I think it is unfair to say that he discovered her true age and bashed her. I think it's unfair to say they were unhappy because two people said they were indifferent towards each other and that must be more correct than every other witness. I think it's unfair to say only he would turn out the lights. I think it's unfair to say anyone glancing at the chess board would easily see he hadn't been in 4 weeks (or even that they'd check this, as opposed to just seeing his name and the date up top). I think it's unfair to say that if he didn't check a map it means he's guilty. I think it's unfair to say nobody would go upstairs first instead of into the parlour (despite the fact his wife was likely to be in bed sick if not downstairs).

                These are all good "maybes" which can be presented, but nothing that really proves that he did it. They might have been unhappy but in my view evidence shows if he killed her the motive came shortly before the crime, due to corroborated diary entries about his concern for her welfare when she turned up home late. I think I would say that at THIS point he still cares about her. Something might have occurred after this.

                Michael Peterson is accused of killing his wife and he seems strongly guilty. In fact he probably is. And again it's weird because everyone said they were happy... But as it turned out, he'd deleted something like 161 files off of his computer the day she died, and it came to light he had been using gay webcam sites to meet men as he was bisexual. And again to me this suggests that the motive presented itself as a recent event, like she had just found this out hence him trying to nuke all the files on his PC.

                ALSO in the Peterson case they said a "blowpoke" was missing and that this was the murder weapon. It was not missing, they found it some time later.

                There are SOME things however, which are strong in the case. Forensics MUST be updated, a modern day forensic scientist NEEDS to look at the crime scene, morgue photos, and McFall's notes, and give us a better picture. As said I will PAY FOR THIS with my own money if anyone can find such a person.
                Last edited by WallaceWackedHer; 02-27-2020, 07:16 PM.

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                • Originally posted by WallaceWackedHer View Post

                  ...

                  He didn't care about the milk boy evidently, as I did say. If Alan Close had never given his testimony then William would have been executed. Hence this does not make sense. He would have been hanged if not for that testimony so clearly it was of utmost importance but he didn't mention it at all. He didn't say Alan came at 6.40, or anything, he didn't mention ANYONE, so without Alan coming forward there is zero time alibi.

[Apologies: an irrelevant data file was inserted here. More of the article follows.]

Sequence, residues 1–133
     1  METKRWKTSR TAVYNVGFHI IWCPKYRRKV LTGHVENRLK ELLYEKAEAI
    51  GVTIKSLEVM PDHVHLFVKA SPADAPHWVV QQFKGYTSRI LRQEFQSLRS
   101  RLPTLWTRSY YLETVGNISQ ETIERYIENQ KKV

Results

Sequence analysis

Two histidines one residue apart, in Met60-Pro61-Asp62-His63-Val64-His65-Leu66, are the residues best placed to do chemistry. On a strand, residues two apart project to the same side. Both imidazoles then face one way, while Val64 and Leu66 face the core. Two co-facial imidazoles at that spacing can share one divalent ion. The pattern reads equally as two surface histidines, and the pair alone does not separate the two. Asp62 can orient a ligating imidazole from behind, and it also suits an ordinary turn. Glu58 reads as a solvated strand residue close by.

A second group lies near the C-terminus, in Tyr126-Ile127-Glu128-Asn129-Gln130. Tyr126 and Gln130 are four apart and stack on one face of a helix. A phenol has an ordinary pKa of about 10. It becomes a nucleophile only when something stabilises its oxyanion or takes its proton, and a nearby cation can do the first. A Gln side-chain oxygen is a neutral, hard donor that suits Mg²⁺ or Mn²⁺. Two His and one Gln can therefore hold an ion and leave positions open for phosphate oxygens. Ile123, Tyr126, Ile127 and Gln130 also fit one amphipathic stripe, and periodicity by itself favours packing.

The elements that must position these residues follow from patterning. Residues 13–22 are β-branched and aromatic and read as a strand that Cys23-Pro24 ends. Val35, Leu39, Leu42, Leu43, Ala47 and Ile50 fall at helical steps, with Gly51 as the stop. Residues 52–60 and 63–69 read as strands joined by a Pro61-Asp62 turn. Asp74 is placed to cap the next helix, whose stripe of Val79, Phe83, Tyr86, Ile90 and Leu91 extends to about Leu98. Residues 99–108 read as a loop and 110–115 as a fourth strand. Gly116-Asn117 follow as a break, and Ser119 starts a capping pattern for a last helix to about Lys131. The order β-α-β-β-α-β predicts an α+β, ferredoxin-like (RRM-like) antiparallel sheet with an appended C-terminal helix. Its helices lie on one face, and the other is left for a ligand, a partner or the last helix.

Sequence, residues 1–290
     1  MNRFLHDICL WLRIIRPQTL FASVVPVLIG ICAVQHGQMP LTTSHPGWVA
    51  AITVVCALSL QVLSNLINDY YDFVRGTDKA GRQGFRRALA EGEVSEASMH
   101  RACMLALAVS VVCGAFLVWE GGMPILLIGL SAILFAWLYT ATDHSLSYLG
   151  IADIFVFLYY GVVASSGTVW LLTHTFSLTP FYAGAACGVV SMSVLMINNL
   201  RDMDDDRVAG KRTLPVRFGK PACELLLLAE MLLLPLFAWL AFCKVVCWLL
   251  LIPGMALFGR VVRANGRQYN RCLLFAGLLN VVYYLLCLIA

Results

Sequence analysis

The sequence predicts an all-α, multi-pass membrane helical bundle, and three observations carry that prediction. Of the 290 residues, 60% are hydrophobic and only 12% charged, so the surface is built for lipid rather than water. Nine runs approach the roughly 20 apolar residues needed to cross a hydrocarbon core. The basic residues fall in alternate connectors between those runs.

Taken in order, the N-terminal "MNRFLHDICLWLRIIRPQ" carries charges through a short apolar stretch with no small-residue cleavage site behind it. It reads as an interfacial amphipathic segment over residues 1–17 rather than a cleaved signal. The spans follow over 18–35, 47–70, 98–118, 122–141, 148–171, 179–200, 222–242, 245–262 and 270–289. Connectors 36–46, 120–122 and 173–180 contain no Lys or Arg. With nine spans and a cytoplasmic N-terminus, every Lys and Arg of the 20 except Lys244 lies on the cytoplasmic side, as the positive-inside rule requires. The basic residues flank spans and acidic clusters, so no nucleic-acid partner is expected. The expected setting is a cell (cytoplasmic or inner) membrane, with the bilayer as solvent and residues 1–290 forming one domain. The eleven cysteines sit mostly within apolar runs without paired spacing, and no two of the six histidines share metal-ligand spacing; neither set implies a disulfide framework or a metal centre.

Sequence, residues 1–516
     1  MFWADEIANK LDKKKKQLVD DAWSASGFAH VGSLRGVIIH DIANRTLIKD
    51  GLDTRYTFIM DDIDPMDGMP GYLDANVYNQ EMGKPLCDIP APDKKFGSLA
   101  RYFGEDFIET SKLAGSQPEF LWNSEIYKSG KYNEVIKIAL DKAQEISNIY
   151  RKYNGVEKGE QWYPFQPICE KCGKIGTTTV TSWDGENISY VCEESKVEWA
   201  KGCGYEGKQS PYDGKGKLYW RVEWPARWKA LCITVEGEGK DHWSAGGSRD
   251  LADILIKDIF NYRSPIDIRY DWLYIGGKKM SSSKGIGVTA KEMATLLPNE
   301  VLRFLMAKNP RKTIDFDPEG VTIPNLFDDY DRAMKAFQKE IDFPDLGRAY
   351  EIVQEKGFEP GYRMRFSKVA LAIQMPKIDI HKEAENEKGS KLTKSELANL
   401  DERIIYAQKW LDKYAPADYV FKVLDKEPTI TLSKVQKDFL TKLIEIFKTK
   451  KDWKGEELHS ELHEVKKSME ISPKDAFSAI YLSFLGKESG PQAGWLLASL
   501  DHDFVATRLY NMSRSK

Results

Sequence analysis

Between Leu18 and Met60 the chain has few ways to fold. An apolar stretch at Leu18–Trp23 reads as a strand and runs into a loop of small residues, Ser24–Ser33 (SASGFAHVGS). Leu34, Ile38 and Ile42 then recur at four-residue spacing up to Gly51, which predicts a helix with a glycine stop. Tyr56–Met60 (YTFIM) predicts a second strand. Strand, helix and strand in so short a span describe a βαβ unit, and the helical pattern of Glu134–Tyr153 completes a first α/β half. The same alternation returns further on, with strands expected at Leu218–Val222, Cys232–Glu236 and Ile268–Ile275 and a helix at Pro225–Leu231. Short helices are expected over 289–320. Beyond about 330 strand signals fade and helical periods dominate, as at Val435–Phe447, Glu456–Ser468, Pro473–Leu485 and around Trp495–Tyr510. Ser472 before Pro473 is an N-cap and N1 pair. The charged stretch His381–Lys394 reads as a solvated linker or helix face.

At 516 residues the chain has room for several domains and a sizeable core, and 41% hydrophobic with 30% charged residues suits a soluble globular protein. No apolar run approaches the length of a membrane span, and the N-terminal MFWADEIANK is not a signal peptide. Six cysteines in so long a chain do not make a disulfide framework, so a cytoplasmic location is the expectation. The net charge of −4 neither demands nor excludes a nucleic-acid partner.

...
                  Hi WWH and all - just latching onto the above extract and thinking outside the usual boxes. Apologies now if it's a complete time waster.

                  Anyway, whilst Close saw Julia, I don't believe he saw Wallace [shoot me down now if that's wrong]. Is it at all possible that Wallace had left before Close pitched up with the milk? That would certainly explain why Wallace didn't mention Close initially. If that was the case, it would mean Wallace didn't personally attack and kill his wife although he still could have planned it.

                  Pure speculation but could Wallace have subsequently lied about being in the house when Close arrived in order to try and manufacture an alibi (that he otherwise didn't have) for having insufficient time to kill Julia?

                  With thanks and best regards,
                  OneRound



                  Comment


                  • Originally posted by OneRound View Post

                    Hi WWH and all - just latching onto the above extract and thinking outside the usual boxes. Apologies now if it's a complete time waster.

                    Anyway, whilst Close saw Julia, I don't believe he saw Wallace [shoot me down now if that's wrong]. Is it at all possible that Wallace had left before Close pitched up with the milk? That would certainly explain why Wallace didn't mention Close initially. If that was the case, it would mean Wallace didn't personally attack and kill his wife although he still could have planned it.

                    Pure speculation but could Wallace have subsequently lied about being in the house when Close arrived in order to try and manufacture an alibi (that he otherwise didn't have) for having insufficient time to kill Julia?

                    With thanks and best regards,
                    OneRound
                    Howdy again, I don't think these are possible.

                    First of all, Alan arrived at about 18.37. When Alan arrived Julia would be taking in the milk and doing what they do with it, if William had left now then she could not at the same time walk William down the back yard. So William's time estimate of when he left would have to be really far off (AKA he would have had to leave at something like 6.36).

                    In regards to the other suggestion I don't believe that is plausible either. Alan Close's testimony is basically the only reason Wallace was acquitted... Well not the only reason, but one of the strongest.

                    If Wallace told police "I left at 6.45" and then is asked "who was the last person but you to see her alive?" and he's like "she didn't see anyone else since I got home" then where is his time alibi? He has none. Now he has nearly an entire hour to murder her in the eyes of the law. It is only because of Alan that the timing seems tight at all.